When I first met Father John Challenor in 1966, he was just 43 years old. He had by then been ordained twenty-one years and was a member of the Birmingham Oratory, the community founded by John Henry Cardinal Newman, and was employed by them in the next door St Philip’s Grammar School for Catholic boys. I was a student for the priesthood (until the events of 1968 opened my eyes) and Eamon Duffy was just one of John’s appreciative pupils at that time (see Duffy’s Faith of our Fathers, Continuum 2004, p4 – the other 'exceptionally gifted man' was Hamish Swanston, later professor of theology at the University of Kent who died last year). We were friends and collaborators in ministry through CRM/CCC from then until his death during the Easter Octave this year, some forty eight years.
In a review of Dawkins’ The God Delusion (RENEW 145, March 2008, p14) John said that after reading that book, ‘I am left as religious, as atheistic, as agnostic, as pantheistic as before.’ He had already explained in an autobiographical article (RENEW 134, June 2005, p2) how he answered the question ‘Am I a Catholic now?’ by saying ‘I am perhaps a former Catholic and a lapsed Anglican. I would describe myself as a Jesus Seminar/Sea of Faith type of Christian, concerned to stand in the prophetic and wisdom traditions.’ And so he did. Given his dislike of labels, it is hard to describe him.
John Challenor was my mentor – and I acknowledged this in CCC’s collection of liturgies Take, Bless, Break, Share which I edited and which Canterbury Press published in 1998. He guided my reading for those two years that I was an Oratorian philosophy student; he had worked for the difficult London BD as an external student, his first degree from Oxford being in History, and was extremely well-read in scripture studies and modern theology. It was he who inspired me to become the sort of person I am (except for my failings of course!) and whose humble but uncompromising witness to the Gospels has kept me on the rails through thick and thin ever since.
He was a priest, although he ceased to exercise a sacramental ministry soon after he left the Oratory in 1972; he was a founder member of the Catholic Renewal Movement later CCC; he was a teacher and later a faithful husband to Sara Clethero, the opera singer and teacher as well as father to a daughter Zoë (born 1976) as talented a singer as her mother. A portrait of Zoë, now a mother herself, can be seen behind John in the photograph. John and Sara honoured me by asking me to be ‘best man’ at their own wedding. Although sometimes exhibiting a gruff exterior, he was a gentle, compassionate and humble man. But he could be impatient with fools and with the incompetent and would express his anger forcefully when driven to it. Sara faithfully cared for him at home as he became more and more frail.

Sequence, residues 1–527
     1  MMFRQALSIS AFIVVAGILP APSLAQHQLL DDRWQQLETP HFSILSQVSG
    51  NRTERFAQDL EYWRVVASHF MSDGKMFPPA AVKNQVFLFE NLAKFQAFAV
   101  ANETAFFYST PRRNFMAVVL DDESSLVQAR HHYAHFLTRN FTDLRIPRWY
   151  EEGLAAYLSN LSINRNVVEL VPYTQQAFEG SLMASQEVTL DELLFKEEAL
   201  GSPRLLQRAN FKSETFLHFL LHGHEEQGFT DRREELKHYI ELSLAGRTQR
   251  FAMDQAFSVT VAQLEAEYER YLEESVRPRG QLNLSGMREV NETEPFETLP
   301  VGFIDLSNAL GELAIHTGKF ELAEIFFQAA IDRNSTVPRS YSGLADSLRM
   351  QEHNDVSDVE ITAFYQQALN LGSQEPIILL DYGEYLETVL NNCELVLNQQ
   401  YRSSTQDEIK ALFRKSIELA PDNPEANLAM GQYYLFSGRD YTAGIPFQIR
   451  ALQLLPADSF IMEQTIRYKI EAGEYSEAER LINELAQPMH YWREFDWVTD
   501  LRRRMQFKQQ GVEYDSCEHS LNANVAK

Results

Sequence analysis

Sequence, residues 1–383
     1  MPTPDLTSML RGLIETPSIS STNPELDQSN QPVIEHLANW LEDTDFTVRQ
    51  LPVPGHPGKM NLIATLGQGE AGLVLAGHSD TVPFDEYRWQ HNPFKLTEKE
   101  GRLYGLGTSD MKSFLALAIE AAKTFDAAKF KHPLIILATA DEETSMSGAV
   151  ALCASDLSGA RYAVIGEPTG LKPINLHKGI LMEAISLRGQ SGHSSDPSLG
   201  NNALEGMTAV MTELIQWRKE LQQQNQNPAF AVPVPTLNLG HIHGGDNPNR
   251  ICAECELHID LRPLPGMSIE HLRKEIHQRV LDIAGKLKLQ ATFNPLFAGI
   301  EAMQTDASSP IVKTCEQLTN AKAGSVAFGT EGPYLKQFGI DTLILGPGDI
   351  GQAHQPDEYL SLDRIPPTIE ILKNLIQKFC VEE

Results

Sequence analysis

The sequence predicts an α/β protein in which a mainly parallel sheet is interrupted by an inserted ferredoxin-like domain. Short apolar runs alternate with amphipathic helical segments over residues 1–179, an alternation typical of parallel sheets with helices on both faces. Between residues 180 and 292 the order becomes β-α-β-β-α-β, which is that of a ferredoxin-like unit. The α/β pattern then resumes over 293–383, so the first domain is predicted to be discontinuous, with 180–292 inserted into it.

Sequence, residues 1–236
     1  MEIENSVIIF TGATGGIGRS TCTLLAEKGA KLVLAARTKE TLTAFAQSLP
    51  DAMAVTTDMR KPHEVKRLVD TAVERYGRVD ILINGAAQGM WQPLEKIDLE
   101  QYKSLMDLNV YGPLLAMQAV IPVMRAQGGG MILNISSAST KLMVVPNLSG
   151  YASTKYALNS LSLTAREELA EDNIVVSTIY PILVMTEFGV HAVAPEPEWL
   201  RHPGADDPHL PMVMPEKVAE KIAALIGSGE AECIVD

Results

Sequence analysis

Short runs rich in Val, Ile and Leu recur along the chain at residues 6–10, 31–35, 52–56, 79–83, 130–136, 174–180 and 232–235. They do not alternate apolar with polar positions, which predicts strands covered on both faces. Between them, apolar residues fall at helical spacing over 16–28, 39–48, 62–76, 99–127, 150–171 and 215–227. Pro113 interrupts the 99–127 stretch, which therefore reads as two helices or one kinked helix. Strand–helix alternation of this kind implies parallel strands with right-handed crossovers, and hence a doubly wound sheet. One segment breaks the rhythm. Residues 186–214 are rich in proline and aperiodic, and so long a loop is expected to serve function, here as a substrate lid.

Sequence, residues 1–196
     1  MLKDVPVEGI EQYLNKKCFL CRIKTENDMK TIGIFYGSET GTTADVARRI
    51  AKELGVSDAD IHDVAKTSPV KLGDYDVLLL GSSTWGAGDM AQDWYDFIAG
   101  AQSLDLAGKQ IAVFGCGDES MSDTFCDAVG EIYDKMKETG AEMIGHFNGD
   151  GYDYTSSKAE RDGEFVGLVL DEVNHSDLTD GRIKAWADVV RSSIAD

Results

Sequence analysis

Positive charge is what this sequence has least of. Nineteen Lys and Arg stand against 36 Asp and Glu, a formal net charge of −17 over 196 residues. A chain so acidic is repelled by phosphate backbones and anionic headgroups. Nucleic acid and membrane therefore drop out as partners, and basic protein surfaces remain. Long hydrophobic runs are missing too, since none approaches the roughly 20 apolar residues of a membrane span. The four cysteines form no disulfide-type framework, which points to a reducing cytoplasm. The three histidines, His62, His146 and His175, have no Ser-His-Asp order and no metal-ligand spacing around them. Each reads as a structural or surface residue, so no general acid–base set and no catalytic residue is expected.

Above all he was a man of uncompromising principle, of commitment to the Gospel. This is the reason he left the Birmingham Oratorians and the ranks of the clergy in the aftermath of Humanae Vitae, which he did not hesitate to witness publicly against. It was the reason he abandoned the Church of England, which had been his spiritual home for thirty years since then, when in June 2003 it made the homosexual Dr Jeffrey John forgo the bishopric of Reading for the deanery of St Albans. He did not leave the Church – the Church left him, and for shameful reasons too, many would agree.
John was 17 when the Second World War broke out and 22 when it ended. His experiences as a soldier, about which I never heard him speak, led to his becoming a Catholic and ultimately being ordained after studies at Saint Sulpice. He had been an extra-mural lecturer for Michael Goulder at Birmingham University (1967-74) and was a much appreciated and respected teacher at St Philip’s Grammar School in Birmingham (Head of RE 1955-67). After two years lecturing at the City of Birmingham College of Education (1972-74), he became Head of RE in a large inner city comprehensive school also in Birmingham (1974-82). He was active in CCC on the executive for fifteen years and served as Chair for a time, as well as editor of RENEW. In recent years was unable to travel to London for executive meetings.
Some Catholics – perhaps most of his former Oratorian brethren, all now dead – would consider him a sceptic and an apostate. But those of us who knew him saw only the reflection of Jesus. Like Pete Lumsden, whom he knew, (see RENEW 143, September 2007, p9) he was uncompromising in his commitment to the Gospel, tolerant of error and alienated by bigotry. As he claimed, he stood in the tradition of the prophets and wisdom writers and was prepared to pay the price. He challenged and continues to challenge us. May he rest in peace and may we be faithful to the principles which inspired him and to which he remained uncompromisingly committed throughout his ninety-one years.